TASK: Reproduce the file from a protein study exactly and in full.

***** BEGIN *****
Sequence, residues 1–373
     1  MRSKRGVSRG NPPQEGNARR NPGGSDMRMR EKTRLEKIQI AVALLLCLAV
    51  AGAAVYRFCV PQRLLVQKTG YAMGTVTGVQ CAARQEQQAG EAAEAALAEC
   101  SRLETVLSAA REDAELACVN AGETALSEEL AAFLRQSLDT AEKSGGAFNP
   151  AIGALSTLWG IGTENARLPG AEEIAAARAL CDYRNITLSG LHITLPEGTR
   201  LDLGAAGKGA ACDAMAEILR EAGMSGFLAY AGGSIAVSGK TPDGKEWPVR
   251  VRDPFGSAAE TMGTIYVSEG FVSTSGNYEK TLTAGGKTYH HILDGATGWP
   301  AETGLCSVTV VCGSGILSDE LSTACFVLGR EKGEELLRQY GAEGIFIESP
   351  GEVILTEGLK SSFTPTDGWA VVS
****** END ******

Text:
Sequence, residues 1–373
     1  MRSKRGVSRG NPPQEGNARR NPGGSDMRMR EKTRLEKIQI AVALLLCLAV
    51  AGAAVYRFCV PQRLLVQKTG YAMGTVTGVQ CAARQEQQAG EAAEAALAEC
   101  SRLETVLSAA REDAELACVN AGETALSEEL AAFLRQSLDT AEKSGGAFNP
   151  AIGALSTLWG IGTENARLPG AEEIAAARAL CDYRNITLSG LHITLPEGTR
   201  LDLGAAGKGA ACDAMAEILR EAGMSGFLAY AGGSIAVSGK TPDGKEWPVR
   251  VRDPFGSAAE TMGTIYVSEG FVSTSGNYEK TLTAGGKTYH HILDGATGWP
   301  AETGLCSVTV VCGSGILSDE LSTACFVLGR EKGEELLRQY GAEGIFIESP
   351  GEVILTEGLK SSFTPTDGWA VVS